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On my system (Debian wheezy), the PPD files are stored as /etc/cups/ppd/printername.ppd. Assuming a similar scheme holds on other systems, you really just need the printer name, which you can get from /etc/cups/printers.conf. This file appears to be in XML format, so you could probably use some suitable XML parsing tool.


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This is what Bash while loops do: while /path/to/application.app do : done It will run the application, and if it terminates successfully run the body of the loop. : is the shell's no-op command (the loop has to have a body, so that's what we put there); after that it goes back to the top and runs the program again. If it fails, the loop stops running ...


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I've tested this: #!/bin/bash while <your_cmd_here> do true done This works by testing the return code of your command, POSIX style. 0 means Ok, anything else can be treated as an error.


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Well, since you asked in UNIX - the "UNIX" way is: while /path/to/application.app ; do echo "Restarting App" sleep 1 done echo "Application has encountered an error!" Or something like that.


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In MacVim, you need to unmap the Edit > Paste menu item in order to override the shortcut, then you can remap Cmd-V (D-v in MacVim parlance) to the appropriate command in each mode. I added this to my ~/.gvimrc and now everything works wonderfully: macmenu Edit.Paste key=<nop> noremap <D-v> "*P cnoremap <D-v> <C-r>* inoremap ...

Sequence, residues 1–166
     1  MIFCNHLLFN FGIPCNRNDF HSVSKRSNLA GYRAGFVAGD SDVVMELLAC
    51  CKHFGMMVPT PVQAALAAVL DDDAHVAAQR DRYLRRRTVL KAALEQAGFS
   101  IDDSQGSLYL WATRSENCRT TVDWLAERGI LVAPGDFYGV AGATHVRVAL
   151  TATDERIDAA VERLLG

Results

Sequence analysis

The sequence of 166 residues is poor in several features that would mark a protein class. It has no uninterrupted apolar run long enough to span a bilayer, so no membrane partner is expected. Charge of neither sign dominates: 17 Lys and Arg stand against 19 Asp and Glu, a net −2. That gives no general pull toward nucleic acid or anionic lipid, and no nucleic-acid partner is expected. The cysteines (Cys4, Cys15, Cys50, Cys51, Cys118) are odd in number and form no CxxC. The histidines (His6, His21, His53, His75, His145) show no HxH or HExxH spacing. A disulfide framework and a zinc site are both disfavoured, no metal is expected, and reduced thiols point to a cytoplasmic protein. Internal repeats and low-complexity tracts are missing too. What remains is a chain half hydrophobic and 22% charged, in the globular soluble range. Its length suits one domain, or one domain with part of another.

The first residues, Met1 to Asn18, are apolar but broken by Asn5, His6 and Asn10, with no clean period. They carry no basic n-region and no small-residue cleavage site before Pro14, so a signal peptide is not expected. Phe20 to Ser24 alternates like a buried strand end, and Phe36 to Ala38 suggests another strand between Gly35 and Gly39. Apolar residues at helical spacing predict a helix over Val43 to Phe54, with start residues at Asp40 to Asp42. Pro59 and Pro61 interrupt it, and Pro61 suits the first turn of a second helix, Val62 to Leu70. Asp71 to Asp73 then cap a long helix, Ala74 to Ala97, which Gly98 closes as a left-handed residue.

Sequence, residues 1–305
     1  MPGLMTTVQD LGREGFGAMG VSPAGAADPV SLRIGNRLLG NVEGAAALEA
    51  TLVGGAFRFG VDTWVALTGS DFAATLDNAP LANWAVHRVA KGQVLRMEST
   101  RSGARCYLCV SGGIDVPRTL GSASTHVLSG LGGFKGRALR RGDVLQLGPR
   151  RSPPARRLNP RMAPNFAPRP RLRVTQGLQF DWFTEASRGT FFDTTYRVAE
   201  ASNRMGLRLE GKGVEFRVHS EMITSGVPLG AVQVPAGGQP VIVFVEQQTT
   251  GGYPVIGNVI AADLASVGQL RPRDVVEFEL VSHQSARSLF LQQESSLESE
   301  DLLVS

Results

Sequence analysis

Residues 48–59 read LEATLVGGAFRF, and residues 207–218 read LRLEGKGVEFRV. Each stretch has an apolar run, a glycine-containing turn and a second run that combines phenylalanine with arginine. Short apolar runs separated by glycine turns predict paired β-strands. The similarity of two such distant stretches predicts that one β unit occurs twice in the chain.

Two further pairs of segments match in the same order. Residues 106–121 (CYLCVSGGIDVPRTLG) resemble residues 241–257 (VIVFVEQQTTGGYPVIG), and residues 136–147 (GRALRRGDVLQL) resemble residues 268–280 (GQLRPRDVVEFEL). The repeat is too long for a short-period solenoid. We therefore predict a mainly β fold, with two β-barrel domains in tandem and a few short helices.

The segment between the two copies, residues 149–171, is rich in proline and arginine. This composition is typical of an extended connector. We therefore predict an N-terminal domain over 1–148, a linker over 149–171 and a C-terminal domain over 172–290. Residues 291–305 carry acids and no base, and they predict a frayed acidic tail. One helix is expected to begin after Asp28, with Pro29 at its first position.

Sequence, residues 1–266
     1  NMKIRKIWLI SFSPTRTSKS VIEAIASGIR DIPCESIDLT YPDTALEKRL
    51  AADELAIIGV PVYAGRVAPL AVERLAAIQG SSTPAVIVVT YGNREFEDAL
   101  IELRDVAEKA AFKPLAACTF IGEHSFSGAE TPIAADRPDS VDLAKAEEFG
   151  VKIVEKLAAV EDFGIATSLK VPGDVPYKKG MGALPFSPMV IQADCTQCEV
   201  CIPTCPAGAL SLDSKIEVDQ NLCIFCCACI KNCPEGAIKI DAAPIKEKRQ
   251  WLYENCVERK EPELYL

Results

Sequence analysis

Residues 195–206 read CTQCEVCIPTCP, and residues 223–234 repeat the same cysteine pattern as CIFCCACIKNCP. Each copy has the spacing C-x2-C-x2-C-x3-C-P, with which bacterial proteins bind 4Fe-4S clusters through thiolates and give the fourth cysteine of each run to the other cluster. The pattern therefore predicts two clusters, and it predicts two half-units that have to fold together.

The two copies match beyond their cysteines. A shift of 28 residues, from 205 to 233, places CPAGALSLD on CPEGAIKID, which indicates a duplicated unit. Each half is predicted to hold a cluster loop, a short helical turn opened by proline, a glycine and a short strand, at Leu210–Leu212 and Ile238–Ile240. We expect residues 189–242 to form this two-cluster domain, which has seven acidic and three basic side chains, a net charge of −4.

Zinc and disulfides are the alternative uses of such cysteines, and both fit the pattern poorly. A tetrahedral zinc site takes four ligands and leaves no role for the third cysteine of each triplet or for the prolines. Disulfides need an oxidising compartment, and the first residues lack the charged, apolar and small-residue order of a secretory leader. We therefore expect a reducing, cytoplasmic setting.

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I would suggest that the easiest way would (assuming both machines have gigabit Ethernet) to connect them both via a gigabit hub/switch and then just rsync or similar. On the assumption that you should be able to transfer ~ 50 MBps then this should take about 20 minutes to complete. Don't even think about doing it over WiFi. Failing that put them on a USB ...


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This is due to osx's lack of support for NTFS. I just transferred everything all over again through ssh, and it worked perfectly.


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If you are using any Windows machine in the process as well, my suggestion would be to use NTFS (formatted from the Windows machine) and use fuse-ntfs-3g and ntfs-3g inside the *nix systems. That worked the best for me, as far as having the best compatibility between all 3 systems. Haven't tested on Sun or anything else.